Film Noir Night at The Bowtie Cinema
It was a perfect night for foul play. A cold front hidden by a black slate cloak of persistent rain was moving stealthily up the Sound to settle over the New England countryside. Fog and mist swirled, playing tricks on drivers as their dimly lit lights slowly cut narrow ridges through the pea soup of an inclement April night.
Outside the great bay window, the driveway street lamp glass shook, scattering broken light from a slap of 20-knot wind that swooped and rose across the tops of the hemlocks and hickories. It was a night of dark intent.
I moved to the video library and selected the only logical entertainment for a spring evening that had lost its promise and descended into madness and mayhem. Like a cordon bleu chef’s menu, this visual meal must be a Hitchcock and not just any thriller but Olivier and Fontaine in the 1939 classic “Rebecca”. Supported by George Sanders, Nigel Bruce, Joan Fontaine and sinister Judith Anderson, this classic motion picture transformed my den into a spiral staircase of deceit, broken promises and murder.
I dimmed the lights, cocooning myself in a shaneel blanket as Leo, MGM’s ubiquitous lion, roared into motion the 60-year-old classic. My daughter opened the den door, peering into the darkness.
” Whatcha watchin’, Dad?”
I quickly perked up and enthusiastically described the film – which was my first mistake. ” Does anyone die?” She asked with sociopathic indifference. ” Well, yes, but that’s all part of the mystery.” “Sounds boring,” she said as she turned into the lit foyer moving off to find her Mac.
The boys were next to poke their heads into my cave upon hearing Joan Fontaine’s dramatic cry, “ don’t jump!”
” Guys, I’m watching a mystery movie where a lady dies and no one knows why. Come in and watch it with me.” They slowly fell into the darkness. My ten year old froze upon seeing the opening credits.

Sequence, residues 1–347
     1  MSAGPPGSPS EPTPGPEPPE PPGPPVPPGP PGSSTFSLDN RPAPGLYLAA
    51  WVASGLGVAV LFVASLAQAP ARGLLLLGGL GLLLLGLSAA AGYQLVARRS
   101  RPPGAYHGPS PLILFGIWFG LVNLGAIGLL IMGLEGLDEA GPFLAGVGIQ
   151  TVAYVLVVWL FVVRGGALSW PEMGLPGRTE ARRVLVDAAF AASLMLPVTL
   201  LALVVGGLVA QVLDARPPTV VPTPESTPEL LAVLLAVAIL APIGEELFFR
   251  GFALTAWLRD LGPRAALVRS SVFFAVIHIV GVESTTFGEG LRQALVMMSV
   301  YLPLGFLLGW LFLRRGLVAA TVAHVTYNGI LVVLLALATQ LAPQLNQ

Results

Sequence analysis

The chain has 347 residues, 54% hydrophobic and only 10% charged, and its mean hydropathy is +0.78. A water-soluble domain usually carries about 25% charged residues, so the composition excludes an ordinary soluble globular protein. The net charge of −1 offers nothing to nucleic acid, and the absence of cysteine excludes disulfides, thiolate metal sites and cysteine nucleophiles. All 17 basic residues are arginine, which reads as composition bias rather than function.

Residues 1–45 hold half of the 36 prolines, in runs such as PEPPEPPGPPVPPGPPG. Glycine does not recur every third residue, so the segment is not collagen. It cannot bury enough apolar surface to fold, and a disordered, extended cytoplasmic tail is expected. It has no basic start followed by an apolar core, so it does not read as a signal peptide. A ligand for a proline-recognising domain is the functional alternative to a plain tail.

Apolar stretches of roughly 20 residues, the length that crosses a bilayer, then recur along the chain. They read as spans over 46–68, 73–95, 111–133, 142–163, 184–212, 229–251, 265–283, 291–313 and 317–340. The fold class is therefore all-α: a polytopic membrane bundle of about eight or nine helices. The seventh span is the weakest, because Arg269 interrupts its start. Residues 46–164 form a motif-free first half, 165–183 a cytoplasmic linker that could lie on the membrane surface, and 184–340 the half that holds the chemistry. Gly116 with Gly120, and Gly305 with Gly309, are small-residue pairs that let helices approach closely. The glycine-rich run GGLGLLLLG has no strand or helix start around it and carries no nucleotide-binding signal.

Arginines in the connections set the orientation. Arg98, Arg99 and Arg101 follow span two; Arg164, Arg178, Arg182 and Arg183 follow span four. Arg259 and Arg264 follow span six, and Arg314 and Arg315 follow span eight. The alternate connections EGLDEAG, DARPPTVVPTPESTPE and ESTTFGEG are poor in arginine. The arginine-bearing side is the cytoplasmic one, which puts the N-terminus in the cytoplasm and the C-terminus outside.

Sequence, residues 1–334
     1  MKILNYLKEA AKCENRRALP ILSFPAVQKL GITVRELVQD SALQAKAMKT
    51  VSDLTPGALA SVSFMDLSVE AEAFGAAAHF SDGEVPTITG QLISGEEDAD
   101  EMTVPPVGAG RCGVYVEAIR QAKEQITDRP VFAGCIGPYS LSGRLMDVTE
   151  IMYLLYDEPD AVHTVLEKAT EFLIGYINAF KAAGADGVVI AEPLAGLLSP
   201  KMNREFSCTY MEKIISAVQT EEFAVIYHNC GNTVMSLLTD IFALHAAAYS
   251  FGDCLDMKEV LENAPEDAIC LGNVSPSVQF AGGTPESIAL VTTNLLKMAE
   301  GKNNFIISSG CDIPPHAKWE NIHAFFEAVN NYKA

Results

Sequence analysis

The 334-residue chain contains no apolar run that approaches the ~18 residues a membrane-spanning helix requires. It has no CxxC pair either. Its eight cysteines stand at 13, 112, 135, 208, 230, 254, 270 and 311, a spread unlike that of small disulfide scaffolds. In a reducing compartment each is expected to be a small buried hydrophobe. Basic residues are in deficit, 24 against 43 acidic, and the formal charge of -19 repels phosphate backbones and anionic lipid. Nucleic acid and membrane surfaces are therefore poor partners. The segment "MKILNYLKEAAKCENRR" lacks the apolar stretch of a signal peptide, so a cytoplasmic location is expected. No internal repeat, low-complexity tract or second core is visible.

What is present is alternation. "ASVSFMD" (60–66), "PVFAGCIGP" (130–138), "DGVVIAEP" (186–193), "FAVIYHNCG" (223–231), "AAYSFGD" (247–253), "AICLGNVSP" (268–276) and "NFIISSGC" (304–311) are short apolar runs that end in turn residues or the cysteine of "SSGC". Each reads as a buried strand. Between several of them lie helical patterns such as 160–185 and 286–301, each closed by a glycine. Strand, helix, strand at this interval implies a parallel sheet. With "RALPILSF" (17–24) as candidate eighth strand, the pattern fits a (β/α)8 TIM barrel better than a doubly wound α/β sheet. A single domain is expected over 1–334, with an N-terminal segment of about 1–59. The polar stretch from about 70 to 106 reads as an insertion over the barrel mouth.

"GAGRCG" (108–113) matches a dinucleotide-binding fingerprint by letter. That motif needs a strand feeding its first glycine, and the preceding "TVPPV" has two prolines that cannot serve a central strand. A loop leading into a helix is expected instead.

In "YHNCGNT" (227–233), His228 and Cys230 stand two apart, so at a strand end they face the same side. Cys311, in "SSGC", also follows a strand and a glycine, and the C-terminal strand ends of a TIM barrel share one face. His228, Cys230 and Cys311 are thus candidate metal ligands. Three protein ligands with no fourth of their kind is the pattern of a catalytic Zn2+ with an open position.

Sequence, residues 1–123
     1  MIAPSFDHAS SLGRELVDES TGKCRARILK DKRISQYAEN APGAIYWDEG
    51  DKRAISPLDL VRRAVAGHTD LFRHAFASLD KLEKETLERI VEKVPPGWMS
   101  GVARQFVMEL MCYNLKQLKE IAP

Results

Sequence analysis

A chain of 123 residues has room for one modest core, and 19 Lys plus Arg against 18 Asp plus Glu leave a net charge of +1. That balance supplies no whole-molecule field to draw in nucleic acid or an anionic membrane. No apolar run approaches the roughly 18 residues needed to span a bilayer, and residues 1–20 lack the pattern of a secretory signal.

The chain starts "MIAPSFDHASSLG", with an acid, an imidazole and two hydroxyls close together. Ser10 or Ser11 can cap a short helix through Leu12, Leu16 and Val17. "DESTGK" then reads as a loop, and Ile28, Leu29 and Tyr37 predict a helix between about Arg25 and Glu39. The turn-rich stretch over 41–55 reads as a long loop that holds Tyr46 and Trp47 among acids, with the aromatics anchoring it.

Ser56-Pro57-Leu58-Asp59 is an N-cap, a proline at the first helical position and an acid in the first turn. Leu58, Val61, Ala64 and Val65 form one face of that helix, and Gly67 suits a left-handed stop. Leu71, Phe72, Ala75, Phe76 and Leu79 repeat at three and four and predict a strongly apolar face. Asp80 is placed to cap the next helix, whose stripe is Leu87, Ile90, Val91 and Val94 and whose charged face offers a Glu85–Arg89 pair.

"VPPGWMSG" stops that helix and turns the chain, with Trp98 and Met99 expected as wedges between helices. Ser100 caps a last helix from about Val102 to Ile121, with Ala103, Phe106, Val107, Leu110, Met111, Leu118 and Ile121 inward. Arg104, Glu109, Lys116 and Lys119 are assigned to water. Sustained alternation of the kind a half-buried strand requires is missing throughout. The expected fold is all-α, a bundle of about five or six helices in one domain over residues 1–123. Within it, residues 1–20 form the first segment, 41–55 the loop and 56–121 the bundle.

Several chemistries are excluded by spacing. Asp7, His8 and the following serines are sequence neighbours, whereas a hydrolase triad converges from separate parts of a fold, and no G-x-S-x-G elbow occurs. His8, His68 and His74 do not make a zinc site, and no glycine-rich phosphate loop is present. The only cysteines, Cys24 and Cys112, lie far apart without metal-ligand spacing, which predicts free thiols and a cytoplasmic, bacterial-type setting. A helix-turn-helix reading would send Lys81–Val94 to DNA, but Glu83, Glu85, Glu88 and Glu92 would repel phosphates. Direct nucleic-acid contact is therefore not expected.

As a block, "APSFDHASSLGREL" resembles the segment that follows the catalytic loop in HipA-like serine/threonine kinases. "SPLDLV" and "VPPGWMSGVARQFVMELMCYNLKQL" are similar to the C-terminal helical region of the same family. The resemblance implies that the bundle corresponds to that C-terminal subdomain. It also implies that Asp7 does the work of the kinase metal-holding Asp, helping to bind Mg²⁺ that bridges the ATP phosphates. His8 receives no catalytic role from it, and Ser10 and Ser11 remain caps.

” Oh, wait. Is this black and white? Forget it. Those movies are so boring…” They fled the room as if I was suddenly offering free root canals. With my spouse preoccupied, I was alone again – an old soul in a darkened screening room. The door opened again – one final time and hope sprang eternal. The gentle patter of paws announced my inseparable canine shadow, Brody, who predictably settled at my feet – a musty tri-color blanket of unconditional love.
The film opened to Monaco’s Grand Massif as a solitary figure ponders suicide.
For a moment, we were peering across the sequined waters to Saint-Jean-Cap-Ferrat with Brody looking for French poodles and I looking for a tuxedo shop so I might discretely shadow Olivier on his dark journey. The film concluded in a conflagration of epic proportions and I emerged from my pod of nostalgia exhausted and longing for the return of movies that used lighting, dialogue, innuendo and a star studded cast of supporting actors and actresses to help you forget about whatever troubles were swirling outside your windows.
Rebecca was filmed in 1939 during the Golden Age of Hollywood. Europe was embroiled in the first stages of the Phony War and the world was holding its breath. It was a time of terrible uncertainty in America. Radio, magazines and film were one’s primary lens to a combustible and foreign world. To hold a cinema ticket was to purchase a pass to exotic locales where men and women led noble, exciting and desperate lives.
Since that time, the movie theatre has been repeatedly administered last rites as home entertainment, DVDs and the digital age conspired to change the medium of film. However, the theatre and motion pictures survive and transcend the efforts of those who might condemn them to iPod screens the size of postage stamps. It would be, after all, a form of aesthetic sacrilege to attempt to watch Dr Zhivago, Lawrence of Arabia or any other epic by Sir David Lean on an MP3 player.